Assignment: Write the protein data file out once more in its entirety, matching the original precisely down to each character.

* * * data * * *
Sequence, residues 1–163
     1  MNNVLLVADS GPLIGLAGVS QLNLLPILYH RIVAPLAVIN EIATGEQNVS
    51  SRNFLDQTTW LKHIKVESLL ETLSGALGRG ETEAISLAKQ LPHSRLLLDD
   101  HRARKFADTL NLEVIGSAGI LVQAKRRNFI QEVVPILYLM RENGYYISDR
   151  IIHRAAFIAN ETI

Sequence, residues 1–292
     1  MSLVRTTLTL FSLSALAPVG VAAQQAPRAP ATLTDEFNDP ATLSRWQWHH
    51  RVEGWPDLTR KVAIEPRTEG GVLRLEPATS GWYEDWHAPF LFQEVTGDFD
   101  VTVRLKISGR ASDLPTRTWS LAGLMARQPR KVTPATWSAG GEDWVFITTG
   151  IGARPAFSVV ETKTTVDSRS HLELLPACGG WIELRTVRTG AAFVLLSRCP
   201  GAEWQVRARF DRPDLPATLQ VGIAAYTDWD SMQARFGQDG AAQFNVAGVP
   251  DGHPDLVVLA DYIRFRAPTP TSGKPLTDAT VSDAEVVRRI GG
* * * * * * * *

Sequence, residues 1–163
     1  MNNVLLVADS GPLIGLAGVS QLNLLPILYH RIVAPLAVIN EIATGEQNVS
    51  SRNFLDQTTW LKHIKVESLL ETLSGALGRG ETEAISLAKQ LPHSRLLLDD
   101  HRARKFADTL NLEVIGSAGI LVQAKRRNFI QEVVPILYLM RENGYYISDR
   151  IIHRAAFIAN ETI

Sequence, residues 1–292
     1  MSLVRTTLTL FSLSALAPVG VAAQQAPRAP ATLTDEFNDP ATLSRWQWHH
    51  RVEGWPDLTR KVAIEPRTEG GVLRLEPATS GWYEDWHAPF LFQEVTGDFD
   101  VTVRLKISGR ASDLPTRTWS LAGLMARQPR KVTPATWSAG GEDWVFITTG
   151  IGARPAFSVV ETKTTVDSRS HLELLPACGG WIELRTVRTG AAFVLLSRCP
   201  GAEWQVRARF DRPDLPATLQ VGIAAYTDWD SMQARFGQDG AAQFNVAGVP
   251  DGHPDLVVLA DYIRFRAPTP TSGKPLTDAT VSDAEVVRRI GG